resisting arrest charge ohio

Resisting arrest, also known as obstruction, can result in significant consequences.

If you face resisting arrest charges, you are in need of an experienced criminal defense attorney to help you fight for your rights. 

What Is Resisting Arrest?

In Ohio, it is illegal to resist or interfere with a police officer’s ability to make a lawful arrest. Prosecutors can charge resisting arrest as a misdemeanor or a felony, depending on the circumstances of the case.

An individual who runs or hides from a law enforcement officer will likely be charged with a misdemeanor offense, while more aggressive forms of resistance, such as violent or threatening behavior, will likely result in felony resisting arrest charges. 

Proving Resisting Arrest Charges 

To convict a defendant accused of resisting arrest, the prosecutor must establish that they intentionally attempted to prevent law enforcement officers from completing a lawful arrest.

The prosecutor must produce evidence of the defendant’s resistance. For example, they could show that the defendant ran and/or hid from officers or otherwise prevented the arrest. Prosecutors must also prove that the arrest was lawful. 

Punishment for Resisting Arrest in Ohio

If you are charged with resisting arrest, the penalty in Ohio will depend on the specific facts of your case and the specific charge. The penalty for resisting arrest increases if the charges include violence against the officers or the use of a weapon. 

A misdemeanor resisting arrest charge is punishable by up to 180 days in jail and/or fines of up to $1,000. A felony resisting arrest conviction can result in 6 to 18 months in prison and/or fines of up to $5,000.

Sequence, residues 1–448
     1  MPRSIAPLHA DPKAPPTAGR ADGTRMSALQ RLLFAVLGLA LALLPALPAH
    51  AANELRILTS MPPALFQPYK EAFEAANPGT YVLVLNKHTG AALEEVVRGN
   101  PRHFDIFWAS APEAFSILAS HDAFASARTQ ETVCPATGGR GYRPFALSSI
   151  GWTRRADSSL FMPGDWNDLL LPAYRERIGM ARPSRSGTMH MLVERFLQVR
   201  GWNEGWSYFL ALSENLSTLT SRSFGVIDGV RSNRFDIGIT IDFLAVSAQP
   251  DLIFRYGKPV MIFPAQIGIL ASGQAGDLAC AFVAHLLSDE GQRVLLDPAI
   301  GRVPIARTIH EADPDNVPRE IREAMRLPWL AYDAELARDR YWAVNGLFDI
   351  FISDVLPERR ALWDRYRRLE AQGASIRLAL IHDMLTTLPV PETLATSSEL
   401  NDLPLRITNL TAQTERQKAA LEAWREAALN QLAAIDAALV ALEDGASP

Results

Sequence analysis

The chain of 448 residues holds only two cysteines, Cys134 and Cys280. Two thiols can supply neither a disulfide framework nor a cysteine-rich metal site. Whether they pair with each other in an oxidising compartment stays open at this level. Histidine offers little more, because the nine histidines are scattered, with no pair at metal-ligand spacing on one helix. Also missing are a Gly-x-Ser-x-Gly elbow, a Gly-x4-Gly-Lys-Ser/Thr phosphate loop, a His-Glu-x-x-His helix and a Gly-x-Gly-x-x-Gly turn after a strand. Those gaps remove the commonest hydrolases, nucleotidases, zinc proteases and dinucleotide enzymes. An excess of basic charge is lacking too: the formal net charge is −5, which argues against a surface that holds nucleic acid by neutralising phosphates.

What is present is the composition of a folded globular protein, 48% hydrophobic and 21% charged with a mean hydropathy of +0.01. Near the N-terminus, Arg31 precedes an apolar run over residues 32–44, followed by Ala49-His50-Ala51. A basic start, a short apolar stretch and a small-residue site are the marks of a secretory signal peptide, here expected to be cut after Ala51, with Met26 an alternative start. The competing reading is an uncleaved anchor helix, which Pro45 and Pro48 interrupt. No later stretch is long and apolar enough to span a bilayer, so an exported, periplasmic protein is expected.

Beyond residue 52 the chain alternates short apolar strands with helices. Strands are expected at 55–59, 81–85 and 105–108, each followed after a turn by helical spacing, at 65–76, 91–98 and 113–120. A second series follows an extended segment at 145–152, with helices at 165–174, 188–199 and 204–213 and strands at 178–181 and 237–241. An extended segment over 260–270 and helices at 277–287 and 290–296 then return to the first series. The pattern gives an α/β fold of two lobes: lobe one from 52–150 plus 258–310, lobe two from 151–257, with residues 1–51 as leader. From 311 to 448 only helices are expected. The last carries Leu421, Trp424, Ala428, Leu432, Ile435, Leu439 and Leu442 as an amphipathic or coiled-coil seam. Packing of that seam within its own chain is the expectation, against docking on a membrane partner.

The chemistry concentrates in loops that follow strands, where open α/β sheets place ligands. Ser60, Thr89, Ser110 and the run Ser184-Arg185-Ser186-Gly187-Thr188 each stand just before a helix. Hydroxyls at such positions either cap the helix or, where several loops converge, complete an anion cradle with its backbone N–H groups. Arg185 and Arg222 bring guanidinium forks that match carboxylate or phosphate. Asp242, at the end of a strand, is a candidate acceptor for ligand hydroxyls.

Possible Defenses 

If you were charged with resisting arrest in Ohio, you may be able to defend against the charges. Self-defense and unlawful arrest are possible defenses to resisting arrest. 


If the arresting officer used an unreasonable amount of force in attempting the arrest, you may be able to claim self-defense. Police officers are generally allowed to use a reasonable amount of force, if necessary, to accomplish an arrest.

If you can prove the officer used force unjustifiably, you may be able to demonstrate that your resistance was necessary to defend yourself. 

Unlawful Arrest 

It is illegal to resist lawful arrest. If you can prove that the attempted arrest was invalid, e.g., lacked a warrant or probable cause, you may be able to defend against a resisting arrest charge. 

How We Can Help 

Gounaris Abboud, LPA, is committed to representing the legal needs of Ohio residents. Our attorneys strive to provide bold and courageous representation across a wide range of cases, including criminal defense, family law, and personal injury matters.

Our attorneys bring significant experience and expertise to our cases and approach each client with dedication and respect.

Contact us today or call 937-222-1515 for a free case analysis. Our attorneys will talk through the facts of your case with you and will do our best to represent you. 

Author Photo

Nicholas Gounaris

Nick Gounaris attended Miami University and received a Bachelor of Arts degree and then went on to attend
University of Dayton School of Law where he received his Juris Doctorate. In 2011, Mr. Gounaris was awarded a 10.0 “Superb” rating by Avvo, which is an attorney rating website recognized around the nation. He provides clients of the firm with competent legal representation and focuses his law practice in the areas of DUI DefenseCriminal Defense, Family Law Issues, Federal Criminal Law and Personal Injury cases.

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